I am sitting in a small square in Sarajevo. Somehow I’ve always had the urge to come back here, to this country which suffered so much in the recent past. Memories are flooding my mind. I brought my two sons here when they were children to run around and to rollerblade. They ran, played, raced, and shouted excitedly. I watched, sometimes worried, always prayed for their safety, and once in a while helped them with a game or refereed their competitions.
Did you know that parking lots at midnight can be very romantic? I’m talking about the romance I experienced with Jesus while walking in a parking lot.
I needed to get some daily exercise and I only had two options: either go to the air-conditioned gym or walk in the warm outdoors. Since I get cold easily, I chose walking outside in the heat. However, I found that even for me, there’s a limit to the heat I can take. So since it was a very hot time of year, I had to wait until it was cooler outdoors—which turned out to be close to midnight.
Christmas is always such a busy time. You have more to do than usual. Your to-do list seems never-ending, the hours in the day seem shorter than normal, and the tendency to push yourself is compounded.
A lot of people don’t pray until they’re in some sort of trouble, and then they find their faith is weak and their relationship with Me is strained because they didn’t place much importance on Me before trouble struck. They feel hypocritical or undeserving when coming to Me in prayer, and they don’t know what to do or where to start to make things right.
Several years ago, my life was very uncertain. And in the middle of that loss, crisis, and stress, I began to question everything, down to the very foundation of my faith. I’d been very comfortable with prayer before, but then it became a struggle. Some days I was angry with God, some days I didn’t feel like I could trust Him, some days I just didn’t know what I felt.
Not long ago, I confided to a friend that I felt overwhelmed with stress and anxiety over my work. She suggested that I spend more time meditating on God’s goodness and studying His Word as an antidote. “But I don’t have time!” I protested.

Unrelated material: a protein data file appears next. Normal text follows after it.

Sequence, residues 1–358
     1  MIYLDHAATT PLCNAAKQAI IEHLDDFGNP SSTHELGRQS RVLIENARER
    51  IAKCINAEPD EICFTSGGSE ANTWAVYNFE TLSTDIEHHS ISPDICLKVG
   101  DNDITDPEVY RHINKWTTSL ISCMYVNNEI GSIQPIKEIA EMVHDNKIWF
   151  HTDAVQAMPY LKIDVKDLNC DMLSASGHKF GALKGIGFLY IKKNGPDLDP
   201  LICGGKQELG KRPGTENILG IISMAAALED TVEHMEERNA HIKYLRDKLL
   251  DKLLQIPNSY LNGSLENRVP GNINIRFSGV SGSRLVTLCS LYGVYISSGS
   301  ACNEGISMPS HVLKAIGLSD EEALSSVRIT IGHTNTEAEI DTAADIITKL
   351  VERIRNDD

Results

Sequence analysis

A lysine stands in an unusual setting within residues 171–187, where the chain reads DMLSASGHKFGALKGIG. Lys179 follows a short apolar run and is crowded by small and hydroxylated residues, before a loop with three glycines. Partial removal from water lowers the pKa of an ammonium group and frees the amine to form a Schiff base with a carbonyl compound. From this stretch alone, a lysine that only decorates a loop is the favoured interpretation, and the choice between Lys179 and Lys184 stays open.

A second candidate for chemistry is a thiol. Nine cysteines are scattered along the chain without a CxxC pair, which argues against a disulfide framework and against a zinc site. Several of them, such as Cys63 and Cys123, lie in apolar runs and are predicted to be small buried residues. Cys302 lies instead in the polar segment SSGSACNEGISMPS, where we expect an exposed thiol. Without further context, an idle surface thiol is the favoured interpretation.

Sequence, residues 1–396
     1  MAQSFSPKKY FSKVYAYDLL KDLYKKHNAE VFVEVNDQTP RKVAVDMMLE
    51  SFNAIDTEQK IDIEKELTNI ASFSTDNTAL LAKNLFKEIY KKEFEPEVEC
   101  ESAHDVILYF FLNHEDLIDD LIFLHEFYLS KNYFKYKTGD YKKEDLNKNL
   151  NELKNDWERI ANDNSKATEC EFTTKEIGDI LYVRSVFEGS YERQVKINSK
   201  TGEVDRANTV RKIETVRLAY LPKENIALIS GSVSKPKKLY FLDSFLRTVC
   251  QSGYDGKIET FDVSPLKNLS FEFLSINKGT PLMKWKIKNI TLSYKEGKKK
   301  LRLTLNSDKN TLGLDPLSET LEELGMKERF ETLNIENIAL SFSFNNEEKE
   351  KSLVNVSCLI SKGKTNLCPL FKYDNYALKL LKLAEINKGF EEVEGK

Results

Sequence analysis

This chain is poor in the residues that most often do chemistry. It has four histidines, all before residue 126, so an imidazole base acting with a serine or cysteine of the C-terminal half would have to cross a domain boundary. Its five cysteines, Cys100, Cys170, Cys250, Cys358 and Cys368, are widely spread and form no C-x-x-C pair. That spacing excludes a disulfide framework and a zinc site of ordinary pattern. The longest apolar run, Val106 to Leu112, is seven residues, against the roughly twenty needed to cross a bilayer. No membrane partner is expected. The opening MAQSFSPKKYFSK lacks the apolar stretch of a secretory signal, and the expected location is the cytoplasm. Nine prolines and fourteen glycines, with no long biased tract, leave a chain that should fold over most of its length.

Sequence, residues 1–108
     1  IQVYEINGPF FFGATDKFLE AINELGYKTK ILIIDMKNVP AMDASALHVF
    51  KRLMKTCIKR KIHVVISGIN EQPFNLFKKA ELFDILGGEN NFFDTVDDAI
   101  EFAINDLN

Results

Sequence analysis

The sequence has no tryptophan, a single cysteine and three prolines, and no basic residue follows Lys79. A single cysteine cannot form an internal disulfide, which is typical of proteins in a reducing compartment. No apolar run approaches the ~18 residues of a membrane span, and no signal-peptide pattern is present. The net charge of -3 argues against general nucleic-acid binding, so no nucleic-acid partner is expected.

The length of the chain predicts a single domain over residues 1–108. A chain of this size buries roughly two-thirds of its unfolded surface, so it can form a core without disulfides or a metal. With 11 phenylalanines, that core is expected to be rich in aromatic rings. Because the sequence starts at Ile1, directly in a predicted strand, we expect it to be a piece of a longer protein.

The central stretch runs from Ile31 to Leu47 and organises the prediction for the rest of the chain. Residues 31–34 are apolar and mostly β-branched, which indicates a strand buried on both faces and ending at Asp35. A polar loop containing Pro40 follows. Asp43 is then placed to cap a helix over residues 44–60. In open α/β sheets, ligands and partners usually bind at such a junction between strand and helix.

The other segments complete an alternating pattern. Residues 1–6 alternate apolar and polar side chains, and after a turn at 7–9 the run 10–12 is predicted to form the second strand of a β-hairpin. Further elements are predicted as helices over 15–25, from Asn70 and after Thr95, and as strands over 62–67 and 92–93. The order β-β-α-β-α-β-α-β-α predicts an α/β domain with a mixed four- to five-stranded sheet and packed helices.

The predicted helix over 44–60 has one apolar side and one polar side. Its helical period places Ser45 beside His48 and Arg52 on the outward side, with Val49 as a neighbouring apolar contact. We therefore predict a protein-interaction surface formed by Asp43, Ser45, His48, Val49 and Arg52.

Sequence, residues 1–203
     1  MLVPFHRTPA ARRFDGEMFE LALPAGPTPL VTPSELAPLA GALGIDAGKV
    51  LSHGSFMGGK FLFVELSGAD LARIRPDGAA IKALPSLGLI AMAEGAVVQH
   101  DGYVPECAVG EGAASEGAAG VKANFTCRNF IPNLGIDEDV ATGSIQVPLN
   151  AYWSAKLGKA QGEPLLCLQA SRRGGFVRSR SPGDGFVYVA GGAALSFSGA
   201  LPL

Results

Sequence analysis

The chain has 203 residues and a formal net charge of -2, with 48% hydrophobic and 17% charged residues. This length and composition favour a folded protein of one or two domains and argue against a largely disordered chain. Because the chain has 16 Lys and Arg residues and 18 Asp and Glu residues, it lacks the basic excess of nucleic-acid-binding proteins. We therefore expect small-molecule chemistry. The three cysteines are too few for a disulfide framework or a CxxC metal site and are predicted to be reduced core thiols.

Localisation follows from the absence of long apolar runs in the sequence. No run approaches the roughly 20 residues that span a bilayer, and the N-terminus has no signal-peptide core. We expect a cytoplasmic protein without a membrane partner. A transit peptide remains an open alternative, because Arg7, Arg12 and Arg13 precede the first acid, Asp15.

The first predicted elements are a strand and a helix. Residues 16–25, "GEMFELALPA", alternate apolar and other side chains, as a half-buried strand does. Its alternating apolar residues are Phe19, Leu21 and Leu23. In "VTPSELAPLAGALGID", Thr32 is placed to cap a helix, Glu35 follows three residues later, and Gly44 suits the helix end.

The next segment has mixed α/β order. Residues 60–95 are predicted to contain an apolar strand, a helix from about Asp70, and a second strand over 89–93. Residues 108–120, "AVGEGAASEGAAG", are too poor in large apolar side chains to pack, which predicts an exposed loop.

“What do you mean, you don’t have time?” she queried with a twinkle in her eye.
Some of my most significant moments with God have been with my hands in dishwater. For many years, I’ve been in the habit of starting my morning with devotional reading and prayer. But inevitably, time ticks by, and I need to get up and begin the day before I feel like I’ve quite finished. Paraphrasing the old gospel song, “I’d stay in the garden with Him, but the day around me is starting.”1
I’ve often struggled to make time to pray. Though my wife and I pray together each morning and before bed, I find myself neglecting that regular “talking with Jesus” throughout the day, especially when sudden things come up. I know I need to pray, but it’s hard, really hard, to set aside “prayer time.”
Since I was a little girl, I have heard that God is omnipresent. I used to have a vague idea of it, like some cosmic energy, but since then, I have had some experiences that have changed that view.
When I was 18 and living in London as a student in the early 1970s, I came to know Jesus in a personal way and our relationship began to develop. I used to go for long walks to parks on my own, and it felt like someone was walking by my side and talking with me as an old friend. Instead of feeling lonely, I felt recharged.
What amazed me the first time I saw an oil refinery up close was the intricate maze of pipes. Besides the complexity of it, one wonders how it can all be maintained safely and still be financially viable.
Proper pressure must be kept in every pipe to ensure that the oil flows at just the right rate—not too fast lest it burst the pipes, and not too slow. The designers were clearly ingenious, and it takes an army of experts to maintain and monitor it all.